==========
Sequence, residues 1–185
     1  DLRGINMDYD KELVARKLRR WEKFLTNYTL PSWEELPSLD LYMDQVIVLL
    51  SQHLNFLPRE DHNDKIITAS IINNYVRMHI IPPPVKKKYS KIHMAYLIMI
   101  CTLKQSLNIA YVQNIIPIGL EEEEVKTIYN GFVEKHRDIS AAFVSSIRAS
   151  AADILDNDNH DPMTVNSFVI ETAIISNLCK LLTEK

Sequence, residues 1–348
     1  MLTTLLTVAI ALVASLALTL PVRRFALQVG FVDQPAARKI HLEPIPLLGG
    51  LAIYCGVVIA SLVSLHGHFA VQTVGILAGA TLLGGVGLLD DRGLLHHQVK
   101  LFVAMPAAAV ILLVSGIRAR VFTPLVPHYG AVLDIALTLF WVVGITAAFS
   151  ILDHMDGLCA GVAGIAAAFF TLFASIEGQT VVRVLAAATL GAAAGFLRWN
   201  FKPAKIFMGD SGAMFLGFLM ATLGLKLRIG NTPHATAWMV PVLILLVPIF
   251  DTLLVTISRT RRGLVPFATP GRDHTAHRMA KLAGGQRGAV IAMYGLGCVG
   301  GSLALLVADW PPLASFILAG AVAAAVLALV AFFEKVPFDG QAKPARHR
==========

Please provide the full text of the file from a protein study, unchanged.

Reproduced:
Sequence, residues 1–185
     1  DLRGINMDYD KELVARKLRR WEKFLTNYTL PSWEELPSLD LYMDQVIVLL
    51  SQHLNFLPRE DHNDKIITAS IINNYVRMHI IPPPVKKKYS KIHMAYLIMI
   101  CTLKQSLNIA YVQNIIPIGL EEEEVKTIYN GFVEKHRDIS AAFVSSIRAS
   151  AADILDNDNH DPMTVNSFVI ETAIISNLCK LLTEK

Sequence, residues 1–348
     1  MLTTLLTVAI ALVASLALTL PVRRFALQVG FVDQPAARKI HLEPIPLLGG
    51  LAIYCGVVIA SLVSLHGHFA VQTVGILAGA TLLGGVGLLD DRGLLHHQVK
   101  LFVAMPAAAV ILLVSGIRAR VFTPLVPHYG AVLDIALTLF WVVGITAAFS
   151  ILDHMDGLCA GVAGIAAAFF TLFASIEGQT VVRVLAAATL GAAAGFLRWN
   201  FKPAKIFMGD SGAMFLGFLM ATLGLKLRIG NTPHATAWMV PVLILLVPIF
   251  DTLLVTISRT RRGLVPFATP GRDHTAHRMA KLAGGQRGAV IAMYGLGCVG
   301  GSLALLVADW PPLASFILAG AVAAAVLALV AFFEKVPFDG QAKPARHR